Decades after the signing of the Schengen Agreement, the EU can boast of having created a space with no internal borders in almost all of its Member States. The agreement’s aim was to improve the functioning of the internal market and to bring the benefits of integration to the citizens of Europe.
It is true that it has its limitations, for instance, the German veto for Bulgaria and Romania to enter the Schengen space or the insurance problems of Dutch citizens working in Belgium. However, all in all, it kind of worked out well. I mean, yesterday I was going by car from Maastricht to Luxembourg through Belgium and the only evident sign of crossing borders was the series of SMS I received by the different national telephone operators.
However, the fact that European citizens have freedom of movement does not mean that they can actually move. Financial resources and language barriers may prevent them to do so. That is why it is of core importance that the EU maintained and improved programs like Erasmus, the European Voluntary Service, Leonardo or Comenius. Without investing in mobility and giving everyone within the EU the chance to study or work abroad, to learn languages, to get in touch with other cultures, the advantages of being a European citizen will be just a privilege of the wealthy.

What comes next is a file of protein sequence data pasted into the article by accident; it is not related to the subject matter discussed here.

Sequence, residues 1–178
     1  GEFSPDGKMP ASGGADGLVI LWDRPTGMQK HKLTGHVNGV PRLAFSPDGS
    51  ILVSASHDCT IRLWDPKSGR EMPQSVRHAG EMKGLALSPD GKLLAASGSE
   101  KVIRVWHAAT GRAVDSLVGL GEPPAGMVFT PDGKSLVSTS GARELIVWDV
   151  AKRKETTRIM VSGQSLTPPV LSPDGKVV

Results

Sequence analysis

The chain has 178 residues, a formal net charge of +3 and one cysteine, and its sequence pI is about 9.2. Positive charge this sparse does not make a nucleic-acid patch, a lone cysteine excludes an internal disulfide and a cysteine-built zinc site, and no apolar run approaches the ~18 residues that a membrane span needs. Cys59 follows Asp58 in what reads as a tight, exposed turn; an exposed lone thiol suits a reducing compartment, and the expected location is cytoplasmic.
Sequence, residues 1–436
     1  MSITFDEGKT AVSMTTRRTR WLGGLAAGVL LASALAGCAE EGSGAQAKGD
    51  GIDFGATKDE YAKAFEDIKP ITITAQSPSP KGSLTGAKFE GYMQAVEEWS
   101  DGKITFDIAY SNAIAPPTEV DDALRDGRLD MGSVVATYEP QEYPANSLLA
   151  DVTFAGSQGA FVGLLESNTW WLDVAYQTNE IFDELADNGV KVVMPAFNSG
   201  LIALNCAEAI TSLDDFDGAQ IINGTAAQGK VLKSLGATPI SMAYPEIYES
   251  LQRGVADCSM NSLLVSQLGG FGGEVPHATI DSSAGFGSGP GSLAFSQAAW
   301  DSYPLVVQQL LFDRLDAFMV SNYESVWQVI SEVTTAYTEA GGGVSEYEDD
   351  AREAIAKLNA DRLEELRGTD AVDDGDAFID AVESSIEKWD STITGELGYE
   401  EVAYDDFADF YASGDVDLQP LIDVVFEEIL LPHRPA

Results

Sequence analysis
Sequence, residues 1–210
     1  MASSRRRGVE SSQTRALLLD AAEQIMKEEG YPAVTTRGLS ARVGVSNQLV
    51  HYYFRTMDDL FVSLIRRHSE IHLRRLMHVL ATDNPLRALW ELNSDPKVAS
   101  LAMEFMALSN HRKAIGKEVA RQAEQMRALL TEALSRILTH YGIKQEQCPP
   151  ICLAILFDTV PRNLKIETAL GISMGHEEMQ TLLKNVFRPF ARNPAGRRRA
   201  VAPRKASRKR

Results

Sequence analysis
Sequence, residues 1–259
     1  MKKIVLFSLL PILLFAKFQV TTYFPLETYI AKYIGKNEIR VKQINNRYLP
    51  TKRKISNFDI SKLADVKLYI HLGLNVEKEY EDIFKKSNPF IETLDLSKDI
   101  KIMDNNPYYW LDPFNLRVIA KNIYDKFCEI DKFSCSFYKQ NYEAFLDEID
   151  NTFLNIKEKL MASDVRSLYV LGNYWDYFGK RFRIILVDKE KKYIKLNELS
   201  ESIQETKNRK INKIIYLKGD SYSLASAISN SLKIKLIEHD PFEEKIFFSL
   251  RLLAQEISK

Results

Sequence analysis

A group of enthusiastic pro-Europeans caught this demand during the Convention of Young European Citizens organised in Cluny in 2011. They decided to use the new democratic tool of the Lisbon treaty: the European Citizens Initiative (ECI), to demand more funds and more exchange programmes. They called their project Fraternité 2020 (F2020) and their proposal was registered by the Commission as the very first ECI.